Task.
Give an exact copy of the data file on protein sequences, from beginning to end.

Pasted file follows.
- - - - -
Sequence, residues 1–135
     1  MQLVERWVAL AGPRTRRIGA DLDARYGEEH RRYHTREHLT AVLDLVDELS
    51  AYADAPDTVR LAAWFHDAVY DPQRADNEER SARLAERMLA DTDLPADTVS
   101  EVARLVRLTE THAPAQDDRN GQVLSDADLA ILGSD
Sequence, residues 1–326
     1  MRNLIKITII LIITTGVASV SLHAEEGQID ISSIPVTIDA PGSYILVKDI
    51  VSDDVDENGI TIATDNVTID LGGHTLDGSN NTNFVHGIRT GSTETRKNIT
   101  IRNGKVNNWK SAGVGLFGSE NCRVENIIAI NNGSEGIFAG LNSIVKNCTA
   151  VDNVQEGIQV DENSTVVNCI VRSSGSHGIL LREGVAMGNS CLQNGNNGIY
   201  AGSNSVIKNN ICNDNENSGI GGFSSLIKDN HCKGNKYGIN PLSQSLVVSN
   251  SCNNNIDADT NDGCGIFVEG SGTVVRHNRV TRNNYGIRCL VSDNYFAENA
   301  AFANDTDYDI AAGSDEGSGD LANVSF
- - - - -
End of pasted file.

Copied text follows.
Sequence, residues 1–135
     1  MQLVERWVAL AGPRTRRIGA DLDARYGEEH RRYHTREHLT AVLDLVDELS
    51  AYADAPDTVR LAAWFHDAVY DPQRADNEER SARLAERMLA DTDLPADTVS
   101  EVARLVRLTE THAPAQDDRN GQVLSDADLA ILGSD
Sequence, residues 1–326
     1  MRNLIKITII LIITTGVASV SLHAEEGQID ISSIPVTIDA PGSYILVKDI
    51  VSDDVDENGI TIATDNVTID LGGHTLDGSN NTNFVHGIRT GSTETRKNIT
   101  IRNGKVNNWK SAGVGLFGSE NCRVENIIAI NNGSEGIFAG LNSIVKNCTA
   151  VDNVQEGIQV DENSTVVNCI VRSSGSHGIL LREGVAMGNS CLQNGNNGIY
   201  AGSNSVIKNN ICNDNENSGI GGFSSLIKDN HCKGNKYGIN PLSQSLVVSN
   251  SCNNNIDADT NDGCGIFVEG SGTVVRHNRV TRNNYGIRCL VSDNYFAENA
   301  AFANDTDYDI AAGSDEGSGD LANVSF